- Dividends - 5% if the beneficial owner is a company directly holding at least 10% of the paying company's capital; 10% if the beneficial owner is a pension fund resident in the Netherlands, subject to certain conditions; otherwise 15%
- Interest - 0%
- Royalties - 0%
The following capital gains derived by a resident of one Contracting State may be taxed by the other State:
- Gains from the alienation of immovable property situated in the other State;
- Gains from the alienation of shares or comparable interests in a company, not listed in a recognized stock exchange, deriving more than 75% of their value directly or indirectly from immovable property situated in the other State, other than immovable property in which that company or the holders of those interests carry on their business. An exemption also applies when:
- The alienator owned less than 50% of the shares or comparable interests prior to the first alienation; or
- The gains are derived in the course of a corporate reorganization, amalgamation, division or similar transaction; and
- Gains from the alienation of movable property forming part of the business property of a permanent establishment in the other State
Gains from the alienation of other property by a resident of a Contracting State may only be taxed by that State.
Both countries may apply the exemption or credit method for the elimination of double taxation depending on the type of income and the applicable provisions of the domestic laws of each country.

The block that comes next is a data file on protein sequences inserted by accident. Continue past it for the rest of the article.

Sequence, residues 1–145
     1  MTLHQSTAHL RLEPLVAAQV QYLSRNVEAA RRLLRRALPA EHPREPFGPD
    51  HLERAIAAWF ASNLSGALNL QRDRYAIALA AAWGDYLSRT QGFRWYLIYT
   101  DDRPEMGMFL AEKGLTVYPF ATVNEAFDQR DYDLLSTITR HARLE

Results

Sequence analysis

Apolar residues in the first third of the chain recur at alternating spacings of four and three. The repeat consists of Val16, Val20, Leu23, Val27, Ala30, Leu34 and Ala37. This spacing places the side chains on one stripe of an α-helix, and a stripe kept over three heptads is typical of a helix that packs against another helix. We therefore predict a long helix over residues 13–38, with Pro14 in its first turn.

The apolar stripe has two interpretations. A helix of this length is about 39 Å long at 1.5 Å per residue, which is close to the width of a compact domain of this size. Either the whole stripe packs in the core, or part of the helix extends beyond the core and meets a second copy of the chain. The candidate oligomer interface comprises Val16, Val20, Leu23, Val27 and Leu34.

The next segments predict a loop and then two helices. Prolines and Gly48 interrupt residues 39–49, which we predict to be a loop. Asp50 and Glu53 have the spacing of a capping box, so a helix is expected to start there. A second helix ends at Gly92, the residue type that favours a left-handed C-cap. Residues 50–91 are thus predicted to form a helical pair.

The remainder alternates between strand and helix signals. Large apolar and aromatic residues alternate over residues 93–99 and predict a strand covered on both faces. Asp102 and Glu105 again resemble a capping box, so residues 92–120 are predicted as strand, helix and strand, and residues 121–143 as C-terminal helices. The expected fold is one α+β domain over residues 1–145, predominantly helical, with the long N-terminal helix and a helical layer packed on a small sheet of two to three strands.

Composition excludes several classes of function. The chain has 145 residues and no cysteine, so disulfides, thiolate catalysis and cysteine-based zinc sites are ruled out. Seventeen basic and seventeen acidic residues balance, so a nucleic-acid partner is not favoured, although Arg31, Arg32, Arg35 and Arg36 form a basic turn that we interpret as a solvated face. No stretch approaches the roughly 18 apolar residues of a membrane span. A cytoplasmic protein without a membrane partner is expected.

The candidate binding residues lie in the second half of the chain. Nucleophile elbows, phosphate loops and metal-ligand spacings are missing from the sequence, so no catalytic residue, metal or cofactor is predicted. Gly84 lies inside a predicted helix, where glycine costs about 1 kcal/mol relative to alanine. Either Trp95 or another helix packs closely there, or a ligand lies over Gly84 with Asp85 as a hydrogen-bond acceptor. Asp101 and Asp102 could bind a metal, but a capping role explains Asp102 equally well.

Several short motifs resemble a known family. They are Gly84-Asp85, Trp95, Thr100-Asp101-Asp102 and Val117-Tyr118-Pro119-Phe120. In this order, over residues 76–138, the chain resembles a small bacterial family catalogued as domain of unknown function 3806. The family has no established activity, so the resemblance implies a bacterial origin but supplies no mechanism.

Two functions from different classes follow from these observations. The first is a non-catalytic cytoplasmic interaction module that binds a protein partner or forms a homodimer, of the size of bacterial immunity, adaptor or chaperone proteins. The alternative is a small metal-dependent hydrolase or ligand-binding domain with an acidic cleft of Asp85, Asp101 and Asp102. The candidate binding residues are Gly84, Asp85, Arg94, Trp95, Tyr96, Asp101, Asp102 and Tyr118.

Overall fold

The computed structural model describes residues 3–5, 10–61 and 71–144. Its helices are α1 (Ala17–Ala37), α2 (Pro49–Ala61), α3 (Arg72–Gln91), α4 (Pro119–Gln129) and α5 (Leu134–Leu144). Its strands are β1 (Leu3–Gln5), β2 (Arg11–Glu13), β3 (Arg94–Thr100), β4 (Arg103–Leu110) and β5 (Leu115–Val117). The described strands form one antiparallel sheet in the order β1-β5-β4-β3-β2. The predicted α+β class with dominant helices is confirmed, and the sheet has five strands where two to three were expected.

The provisions of the treaty may be extended to any part of the Kingdom of the Netherlands that is not situated in Europe and imposes taxes substantially similar to those covered by the treaty.
The treaty applies from 1 January 2016.
The 1959 income and capital tax treaty between the two countries will cease to have effect once the new treaty enters into force, but will continue to be applied to taxes, taxable years and periods for which the new treaty does not yet apply.
On 1 October 2015, Germany's Bundestag (lower house of parliament) approved the pending tax information exchange agreement with St. Kitts and Nevis. The agreement, signed 19 October 2010, is the first of its kind between the two countries. It will enter into force once the ratification instruments are exchanged, and will generally apply from that date.
On 26 October 2015, officials from Macedonia and the United Arab Emirates signed an income tax treaty. The treaty is the first of its kind between the two countries, and will enter into force after the ratification instruments are exchanged.
Additional details will be published once available.